By Dov Karoll
Adapted from an address by Rabbi Aharon Lichtenstein
One’s response to the specific event of this particular storm, or to natural disasters in general, is a function of one’s general view both of the melding interaction between God and the world, i.e., of natural events within a supernatural context, and of one’s right and, perhaps, one’s duty, to reflect upon the events themselves, to try to gauge and delineate the dimensions and roots of events of this kind. Within the purviews and parameters of religious faith, that could take a number of forms.
One response would be to view the phenomenon as a manifestation of the Divine breaking through the crust of the natural world, a fiery expression of Divine anger, a manifestation of God’s middat hadin.
Beyond that, some people presume to know the ways of the Almighty, audaciously ascribing a cause-and-effect relationship to a tragedy which befalls mankind, and which also expresses a message being addressed to us by God.
Others will speak instead of an element of Divine beneficence, that God is taking us under His wing and relating to us; they assume that the worst possible thing that can happen to an individual or to humanity as a whole is that God should simply leave us to our own devices, and that being a victim is better than being ignored completely. Rav Nachman says in the gemara in Sanhedrin (105a), “Kol ki hai ritcha lirtach Rachamana alan ve’lifrokinan, May God take such drastic steps as He sees fit,” but keep us in mind “and redeem us.”
That there have been people who were entitled to speak in that vein, I think, goes without question, within the parameters of our emunah. We believe that there are certain individuals, prophets as a category, who have been blessed, or sometimes tormented, with some kind of contact with God through prophecy. In Tanach, God reveals Himself in different manifestations; Chazal speak of God being manifest at Keriat Yam Suf as a warrior, and at Ma’amad Har Sinai as an elderly teacher.
If we assume that this phenomenon is an expression of God revealing Himself to punish, it stands to reason that this is God’s response to sin. Namely, that the message of mipnei chata’einu, this has befallen us because of our sins, is being transmitted in a national, and even super-national, vein.
This is a very difficult response to digest, but some people glory in it; it gives them an opportunity to reflect upon their own virtue, as opposed to the infamy which they see in those around them. However, in this context, another question arises: does one have either a right, or a duty, to speak that language?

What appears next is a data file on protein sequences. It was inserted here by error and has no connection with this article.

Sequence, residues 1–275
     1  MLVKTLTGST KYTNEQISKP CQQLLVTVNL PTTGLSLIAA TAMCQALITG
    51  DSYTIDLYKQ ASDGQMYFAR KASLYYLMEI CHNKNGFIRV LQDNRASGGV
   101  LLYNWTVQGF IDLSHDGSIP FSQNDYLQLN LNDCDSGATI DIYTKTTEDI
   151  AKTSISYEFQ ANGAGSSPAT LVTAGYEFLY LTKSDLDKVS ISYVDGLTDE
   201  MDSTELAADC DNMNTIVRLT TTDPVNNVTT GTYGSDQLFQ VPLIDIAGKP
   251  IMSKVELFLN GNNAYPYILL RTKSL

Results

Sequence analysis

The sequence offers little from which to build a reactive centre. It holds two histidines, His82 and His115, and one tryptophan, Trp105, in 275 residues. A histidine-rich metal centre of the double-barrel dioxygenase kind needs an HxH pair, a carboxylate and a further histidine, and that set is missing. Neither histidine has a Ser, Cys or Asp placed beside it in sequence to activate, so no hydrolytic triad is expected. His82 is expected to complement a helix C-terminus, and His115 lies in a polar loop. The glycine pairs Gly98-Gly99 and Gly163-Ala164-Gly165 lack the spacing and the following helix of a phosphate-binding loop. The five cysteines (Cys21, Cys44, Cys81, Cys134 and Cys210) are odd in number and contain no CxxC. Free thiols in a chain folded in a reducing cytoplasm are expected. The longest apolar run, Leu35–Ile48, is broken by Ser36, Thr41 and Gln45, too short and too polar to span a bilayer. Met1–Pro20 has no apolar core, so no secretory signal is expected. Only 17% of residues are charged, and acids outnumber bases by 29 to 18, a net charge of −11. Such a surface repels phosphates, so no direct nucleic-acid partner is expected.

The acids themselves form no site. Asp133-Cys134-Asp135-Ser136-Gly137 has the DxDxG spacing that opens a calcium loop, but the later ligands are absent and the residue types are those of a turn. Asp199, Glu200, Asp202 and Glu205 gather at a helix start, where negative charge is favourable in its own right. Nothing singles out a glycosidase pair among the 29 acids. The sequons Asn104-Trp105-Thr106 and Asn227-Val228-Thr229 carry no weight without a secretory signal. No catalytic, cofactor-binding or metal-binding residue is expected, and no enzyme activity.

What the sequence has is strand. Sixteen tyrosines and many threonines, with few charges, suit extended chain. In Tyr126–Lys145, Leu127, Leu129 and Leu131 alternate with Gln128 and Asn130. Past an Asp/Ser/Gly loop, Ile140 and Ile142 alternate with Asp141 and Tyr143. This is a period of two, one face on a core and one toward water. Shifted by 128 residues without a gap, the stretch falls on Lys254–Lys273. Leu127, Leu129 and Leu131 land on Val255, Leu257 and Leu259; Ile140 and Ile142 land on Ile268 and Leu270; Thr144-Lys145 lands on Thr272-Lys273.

I come from a school of thought which reacts very strongly against statements, assertions and defamations made by people who speak as if they have a direct hotline to God, such that they are able to interpret events in accordance with their philosophic orientation, their spiritual stance. The gemara in Sanhedrin (105b) comments with regard to Bilam’s self-description, “yodei’a da’at Elyon, he who grasps the understanding of the Most High” (Numbers 24:16): “He grasps not the understanding of his own animal; does he grasp the understanding of the Most High?” In part, the problem here is one of folly for a person to imagine that he understands the ways of God. Apart from the folly, there is a certain arrogance and a repugnant self-confidence involved in this type of statement.
The arrogance of the assertion that one understands God’s ways is frightful.
Another possible approach would ascribe certain disasters to an absence of hashgachah pratit, Divine providence, over the individual or community involved. The Ramban and the Rambam speak of hashgachah pratit as being limited to a small cadre of people. According to the Ramban, it is moral-religious virtues which qualify a person for that hashgachah, while according to the Rambam it is intellectual virtues. Regardless of that difference, they jointly take the position that hashgachah pratit applies in varying degrees to different people, and it does not protect the ordinary individual. As such, the individual, or even a whole community, and possibly even the universal community of one’s time, can sometimes be left to the devices of natural forces.
I should note that Rav Yitzchak Hutner pointed out that the Ramban and the Rambam here do not mean to say that hashgachah has no way of dealing with one who deserves to be punished. Rather, it means that he is left to his own devices and to natural forces, and this itself is a manifestation of hashgachah; namely, God deals with those who defy Him by taking them and throwing them into the lion’s den, with the lions doing what they naturally do.
Regardless of the theological construct, the advocates of this approach presume a right, out of a sense of their own virtue, as well as a duty, to help humanity mend its ways and restore contact and communication with God.